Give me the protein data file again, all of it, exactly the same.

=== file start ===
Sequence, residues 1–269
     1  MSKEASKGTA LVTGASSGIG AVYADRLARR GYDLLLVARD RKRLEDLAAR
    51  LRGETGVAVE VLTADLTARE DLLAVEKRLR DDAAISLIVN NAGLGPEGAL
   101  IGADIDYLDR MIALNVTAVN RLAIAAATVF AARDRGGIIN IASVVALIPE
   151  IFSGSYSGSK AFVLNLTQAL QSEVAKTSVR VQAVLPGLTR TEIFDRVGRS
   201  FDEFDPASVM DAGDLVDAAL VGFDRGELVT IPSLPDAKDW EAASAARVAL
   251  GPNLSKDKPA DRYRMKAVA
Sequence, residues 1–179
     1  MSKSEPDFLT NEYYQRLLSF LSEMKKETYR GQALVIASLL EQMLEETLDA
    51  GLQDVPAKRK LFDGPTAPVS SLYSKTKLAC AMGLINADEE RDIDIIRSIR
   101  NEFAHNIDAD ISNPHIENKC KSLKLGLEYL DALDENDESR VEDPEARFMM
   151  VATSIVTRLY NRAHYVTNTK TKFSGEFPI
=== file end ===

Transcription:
Sequence, residues 1–269
     1  MSKEASKGTA LVTGASSGIG AVYADRLARR GYDLLLVARD RKRLEDLAAR
    51  LRGETGVAVE VLTADLTARE DLLAVEKRLR DDAAISLIVN NAGLGPEGAL
   101  IGADIDYLDR MIALNVTAVN RLAIAAATVF AARDRGGIIN IASVVALIPE
   151  IFSGSYSGSK AFVLNLTQAL QSEVAKTSVR VQAVLPGLTR TEIFDRVGRS
   201  FDEFDPASVM DAGDLVDAAL VGFDRGELVT IPSLPDAKDW EAASAARVAL
   251  GPNLSKDKPA DRYRMKAVA
Sequence, residues 1–179
     1  MSKSEPDFLT NEYYQRLLSF LSEMKKETYR GQALVIASLL EQMLEETLDA
    51  GLQDVPAKRK LFDGPTAPVS SLYSKTKLAC AMGLINADEE RDIDIIRSIR
   101  NEFAHNIDAD ISNPHIENKC KSLKLGLEYL DALDENDESR VEDPEARFMM
   151  VATSIVTRLY NRAHYVTNTK TKFSGEFPI